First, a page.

Where we stand following two debates in less than a week
September has come roaring in for the 2012 Republican candidates with two debates in less than a week and a third debate scheduled next Thursday, September 22nd. Texas Governor Rick Perry has taken somewhat of a beating in the first two September debates and this comes as no surprise given his rapid ascension in the polls. The campaign is moving quickly now, changing day by day as leads are gained or lost over a news cycle.
In case you missed either debate in September or any other debate so far, you can watch them all with links off the 2012 Primary Debate schedule page.
Perry took strong criticism over the HPV vaccine issue and the New York Times tries to sum up this discussion:
An unlikely issue — whether to vaccinate preadolescent girls against a sexually transmitted virus — has become the latest flashpoint among Republican presidential candidates as they vie for the support of social conservatives and Tea Party members.
The issue exploded Monday night when Representative Michele Bachmann and former Senator Rick Santorum attacked Gov. Rick Perry of Texas during a debate for issuing an executive order requiring sixth-grade girls to be vaccinated against the human papillomavirus, criticizing the order as an overreach of state power in a decision properly left to parents. Later, Sarah Palin, who has yet to announce her 2012 intentions, also found fault with Mr. Perry.
The issue pushes many buttons with conservatives: overreach of government in health care decisions, suspicion that sex education leads to promiscuity and even the belief — debunked by science — that childhood vaccinations may be linked to mental disorders.
On Tuesday, Mrs. Bachmann of Minnesota raised that concern by suggesting Mr. Perry had put young girls at risk by forcing “an injection of what could potentially be a very dangerous drug.” Appearing on NBC’s “Today” show, she recounted that after the debate in Tampa, Fla., a tearful mother approached and said her daughter had suffered “mental retardation” after being vaccinated against HPV. “It can have very dangerous side effects,” Mrs. Bachmann said.
The focus on Mr. Perry’s record on the issue put him on the defensive during a debate for the second week in a row, this time among his core constituency of Tea Party voters.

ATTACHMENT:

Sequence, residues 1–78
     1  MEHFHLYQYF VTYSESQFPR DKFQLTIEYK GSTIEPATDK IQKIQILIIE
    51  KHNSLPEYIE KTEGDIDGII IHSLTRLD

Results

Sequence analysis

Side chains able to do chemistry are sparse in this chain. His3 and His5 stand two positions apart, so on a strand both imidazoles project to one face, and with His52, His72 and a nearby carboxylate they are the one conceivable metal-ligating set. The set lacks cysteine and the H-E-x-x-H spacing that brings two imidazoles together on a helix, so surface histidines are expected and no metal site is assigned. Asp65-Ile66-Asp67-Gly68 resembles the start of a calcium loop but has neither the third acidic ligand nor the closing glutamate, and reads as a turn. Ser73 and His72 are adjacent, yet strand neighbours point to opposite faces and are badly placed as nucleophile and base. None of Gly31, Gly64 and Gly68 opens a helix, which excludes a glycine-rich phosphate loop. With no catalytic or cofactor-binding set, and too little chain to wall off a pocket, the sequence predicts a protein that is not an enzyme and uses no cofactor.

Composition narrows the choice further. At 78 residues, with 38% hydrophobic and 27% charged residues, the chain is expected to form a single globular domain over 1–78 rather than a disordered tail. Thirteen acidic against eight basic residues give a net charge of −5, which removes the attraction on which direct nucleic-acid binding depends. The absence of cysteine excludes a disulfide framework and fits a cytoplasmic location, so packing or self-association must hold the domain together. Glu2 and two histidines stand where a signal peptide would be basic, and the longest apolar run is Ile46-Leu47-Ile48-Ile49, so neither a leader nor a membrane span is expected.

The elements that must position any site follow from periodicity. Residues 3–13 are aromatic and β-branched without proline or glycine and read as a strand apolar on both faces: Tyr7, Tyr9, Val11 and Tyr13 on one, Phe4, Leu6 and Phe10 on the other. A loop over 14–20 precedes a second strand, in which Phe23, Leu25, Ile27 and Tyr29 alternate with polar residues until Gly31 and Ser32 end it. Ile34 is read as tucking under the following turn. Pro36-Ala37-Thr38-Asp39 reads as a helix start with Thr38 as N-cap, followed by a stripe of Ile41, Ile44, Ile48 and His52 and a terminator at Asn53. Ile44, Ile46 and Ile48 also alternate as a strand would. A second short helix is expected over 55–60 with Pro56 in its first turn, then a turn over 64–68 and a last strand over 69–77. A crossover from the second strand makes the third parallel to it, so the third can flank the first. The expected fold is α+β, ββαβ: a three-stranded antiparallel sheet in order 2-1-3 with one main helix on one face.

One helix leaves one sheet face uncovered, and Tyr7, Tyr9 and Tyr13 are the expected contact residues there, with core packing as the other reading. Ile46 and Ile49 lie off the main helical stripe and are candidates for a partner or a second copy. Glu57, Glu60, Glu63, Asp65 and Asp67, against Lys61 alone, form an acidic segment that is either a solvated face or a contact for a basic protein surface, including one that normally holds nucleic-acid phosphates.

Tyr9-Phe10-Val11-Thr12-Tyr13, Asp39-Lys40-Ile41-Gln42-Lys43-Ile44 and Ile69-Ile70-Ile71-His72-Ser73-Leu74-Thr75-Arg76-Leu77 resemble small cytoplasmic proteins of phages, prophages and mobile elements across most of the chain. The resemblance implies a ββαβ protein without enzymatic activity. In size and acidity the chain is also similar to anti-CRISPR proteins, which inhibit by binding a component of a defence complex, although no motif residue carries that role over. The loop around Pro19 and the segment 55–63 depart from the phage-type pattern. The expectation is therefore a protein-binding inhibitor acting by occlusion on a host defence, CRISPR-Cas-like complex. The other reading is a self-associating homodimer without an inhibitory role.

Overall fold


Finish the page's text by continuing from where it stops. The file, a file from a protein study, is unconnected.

“It’s the perfect storm of an issue,” said Craig Robinson, a former political director of the Republican Party of Iowa, noting that Mr. Perry, the front-runner in recent polls, was being attacked from his right flank. “You could tell these blows landed and affected him.”
While Bachmann did indeed go too far in asserting that the vaccine is linked to mental retardation, I believe she did put some doubt in the minds of voters as to whether Perry could be trusted given his actions in mandating the vaccine. Bachmann seemed frustrated and eager to be outspoken at the CNN Tea Party debate and she made that clear. I’m not sure whether she ended up bolstering her support or merely knocking Perry down a few pegs.
The winner in the past two weeks has to be Mitt Romney who avoid much of the criticism as it was mostly directed toward Perry. The remaining candidates such as Herman Cain, Ron Paul, Newt Gingrich, Rick Santorum and Jon Huntsman can only hope that the front runners stumble majorly at this point. I also think we’re beginning to see glimpses of Vice Presidential runs from some of the second-tier. I’m thinking Newt Gingrich in particular who has gone out of his way in the past two debates to promote party unity by praising all his opponents on stage.
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